POSTED: Wednesday, September 11, 2013 - 4:45pm
UPDATED: Thursday, September 12, 2013 - 8:41am
EDINBURG, TEXAS (KVEO NEWS CENTER 23) — Edinburg's special election for a city council seat is coming down the home stretch.
It's the first election sine the passing fo the Voter-ID law, which requires state-issued identification for all voters. Supporters of the law say it will weed out voter fraud. Opponents say there's negligible fraud to be found, and is a barrier to democracy.
"Usually you change things because it's broken, or things need to be fixed," said Juanita Valdez-Cox, executive director of La Union Del Pueblo Entero. "But you don't change laws just to add obstacles to people's right to vote."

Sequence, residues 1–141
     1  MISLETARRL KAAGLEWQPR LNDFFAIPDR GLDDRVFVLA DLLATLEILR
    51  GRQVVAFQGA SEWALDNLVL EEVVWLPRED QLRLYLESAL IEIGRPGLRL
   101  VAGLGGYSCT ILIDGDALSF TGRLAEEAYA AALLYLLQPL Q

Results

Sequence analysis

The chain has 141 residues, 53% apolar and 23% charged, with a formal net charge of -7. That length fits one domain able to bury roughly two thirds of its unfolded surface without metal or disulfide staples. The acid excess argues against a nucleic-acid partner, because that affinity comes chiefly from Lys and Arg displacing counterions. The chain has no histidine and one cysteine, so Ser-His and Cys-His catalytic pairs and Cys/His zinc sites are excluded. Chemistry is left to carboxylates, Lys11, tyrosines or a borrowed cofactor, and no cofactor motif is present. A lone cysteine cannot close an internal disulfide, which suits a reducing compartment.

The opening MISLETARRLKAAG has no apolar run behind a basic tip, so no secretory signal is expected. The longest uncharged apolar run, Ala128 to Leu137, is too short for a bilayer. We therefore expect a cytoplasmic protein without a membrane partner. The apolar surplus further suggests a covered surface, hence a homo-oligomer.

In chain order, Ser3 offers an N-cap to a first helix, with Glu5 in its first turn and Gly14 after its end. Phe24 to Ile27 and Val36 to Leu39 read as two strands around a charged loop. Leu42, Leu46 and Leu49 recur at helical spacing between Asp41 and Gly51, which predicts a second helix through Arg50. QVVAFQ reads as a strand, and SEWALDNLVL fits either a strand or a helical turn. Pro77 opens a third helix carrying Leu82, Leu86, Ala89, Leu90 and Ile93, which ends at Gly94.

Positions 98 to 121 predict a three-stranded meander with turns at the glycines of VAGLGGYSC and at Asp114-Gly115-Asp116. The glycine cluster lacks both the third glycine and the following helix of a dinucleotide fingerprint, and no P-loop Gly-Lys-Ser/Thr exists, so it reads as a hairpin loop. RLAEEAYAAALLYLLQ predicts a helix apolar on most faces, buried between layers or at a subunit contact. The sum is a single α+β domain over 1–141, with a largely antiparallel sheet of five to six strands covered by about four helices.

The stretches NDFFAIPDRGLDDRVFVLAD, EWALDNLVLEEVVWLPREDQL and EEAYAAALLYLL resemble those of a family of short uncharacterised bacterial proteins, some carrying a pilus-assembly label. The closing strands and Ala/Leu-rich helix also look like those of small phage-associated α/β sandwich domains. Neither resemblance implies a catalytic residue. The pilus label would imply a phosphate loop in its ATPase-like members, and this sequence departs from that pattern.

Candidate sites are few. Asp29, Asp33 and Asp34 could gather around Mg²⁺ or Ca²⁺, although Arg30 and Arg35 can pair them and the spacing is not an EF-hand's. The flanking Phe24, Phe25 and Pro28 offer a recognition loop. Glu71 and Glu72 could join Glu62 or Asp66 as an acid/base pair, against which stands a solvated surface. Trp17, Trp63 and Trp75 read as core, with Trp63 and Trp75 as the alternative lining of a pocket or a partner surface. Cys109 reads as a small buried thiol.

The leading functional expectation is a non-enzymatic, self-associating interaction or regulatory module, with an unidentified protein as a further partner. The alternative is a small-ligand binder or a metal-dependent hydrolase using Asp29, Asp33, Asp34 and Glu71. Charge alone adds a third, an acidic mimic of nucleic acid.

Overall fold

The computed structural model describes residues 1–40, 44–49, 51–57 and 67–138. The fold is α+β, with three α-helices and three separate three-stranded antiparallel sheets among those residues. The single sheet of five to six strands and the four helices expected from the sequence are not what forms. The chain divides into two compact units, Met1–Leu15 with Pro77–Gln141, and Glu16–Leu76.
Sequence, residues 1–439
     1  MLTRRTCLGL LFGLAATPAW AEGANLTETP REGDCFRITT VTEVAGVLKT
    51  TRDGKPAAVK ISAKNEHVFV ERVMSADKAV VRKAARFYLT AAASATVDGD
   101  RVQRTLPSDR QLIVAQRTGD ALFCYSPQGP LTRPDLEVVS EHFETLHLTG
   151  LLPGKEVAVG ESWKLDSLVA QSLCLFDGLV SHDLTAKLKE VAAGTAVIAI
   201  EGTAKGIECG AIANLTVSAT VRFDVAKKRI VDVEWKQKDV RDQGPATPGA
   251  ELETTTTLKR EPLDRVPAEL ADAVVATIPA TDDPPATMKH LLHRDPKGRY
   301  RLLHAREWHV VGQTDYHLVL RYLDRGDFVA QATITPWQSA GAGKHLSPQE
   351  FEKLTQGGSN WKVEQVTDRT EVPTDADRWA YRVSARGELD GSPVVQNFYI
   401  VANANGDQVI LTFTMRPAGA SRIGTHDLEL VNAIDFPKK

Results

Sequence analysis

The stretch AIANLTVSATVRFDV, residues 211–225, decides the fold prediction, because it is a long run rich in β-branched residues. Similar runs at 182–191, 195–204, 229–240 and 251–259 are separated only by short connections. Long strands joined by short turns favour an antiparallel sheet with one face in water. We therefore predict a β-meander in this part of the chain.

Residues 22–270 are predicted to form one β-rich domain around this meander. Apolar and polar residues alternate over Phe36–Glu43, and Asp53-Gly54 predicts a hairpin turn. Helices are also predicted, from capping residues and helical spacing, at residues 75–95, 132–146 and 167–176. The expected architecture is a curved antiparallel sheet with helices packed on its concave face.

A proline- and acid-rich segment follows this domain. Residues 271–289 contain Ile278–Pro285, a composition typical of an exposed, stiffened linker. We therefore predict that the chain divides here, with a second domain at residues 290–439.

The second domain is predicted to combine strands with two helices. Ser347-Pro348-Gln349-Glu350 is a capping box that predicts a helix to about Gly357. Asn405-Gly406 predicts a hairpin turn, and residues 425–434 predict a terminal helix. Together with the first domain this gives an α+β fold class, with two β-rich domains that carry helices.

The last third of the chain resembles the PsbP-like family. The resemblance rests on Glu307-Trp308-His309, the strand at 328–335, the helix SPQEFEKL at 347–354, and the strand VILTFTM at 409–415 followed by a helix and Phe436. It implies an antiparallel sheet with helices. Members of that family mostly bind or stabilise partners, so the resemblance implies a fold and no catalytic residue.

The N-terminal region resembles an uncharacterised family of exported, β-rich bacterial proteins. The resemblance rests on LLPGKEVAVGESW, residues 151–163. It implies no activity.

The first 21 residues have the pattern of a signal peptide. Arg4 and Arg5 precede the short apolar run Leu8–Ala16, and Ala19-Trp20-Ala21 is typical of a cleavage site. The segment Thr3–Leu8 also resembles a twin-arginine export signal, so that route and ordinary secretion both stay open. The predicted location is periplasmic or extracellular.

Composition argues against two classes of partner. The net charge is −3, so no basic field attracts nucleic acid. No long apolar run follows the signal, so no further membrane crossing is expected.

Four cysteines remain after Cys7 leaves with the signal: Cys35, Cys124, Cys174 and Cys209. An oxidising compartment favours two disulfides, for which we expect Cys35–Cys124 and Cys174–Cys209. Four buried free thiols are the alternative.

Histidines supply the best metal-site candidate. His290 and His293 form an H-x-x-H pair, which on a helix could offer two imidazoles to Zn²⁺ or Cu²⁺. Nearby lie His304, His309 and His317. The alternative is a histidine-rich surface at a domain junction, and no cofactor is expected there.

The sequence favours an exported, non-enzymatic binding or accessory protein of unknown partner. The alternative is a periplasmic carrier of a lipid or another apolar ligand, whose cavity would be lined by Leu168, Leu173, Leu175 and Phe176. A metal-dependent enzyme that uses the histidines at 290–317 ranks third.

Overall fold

After two weeks of early voting, 2,245 ballots have been cast. Election day is Saturday. Officials say there haven't been any problems so far; which means they would have to return with valid identification or have their vote thrown out.
"The first day we had three people vote provisional, don't know if it's because they don't have ID with them or for another reason," said Irma Garza, speaking for the city of Edinburg. "But we haven't had any complaints, we haven't had anybody turned away because they didn't have a photo ID with them."
Industry watchers say the Edinburg race is going to be a microcosm of what will happen under the controversial ID law.
But turnout for a local September election doesn't typically draw the biggest crowd. So many groups in opposition to the law are gearing up for bigger fish come November and March.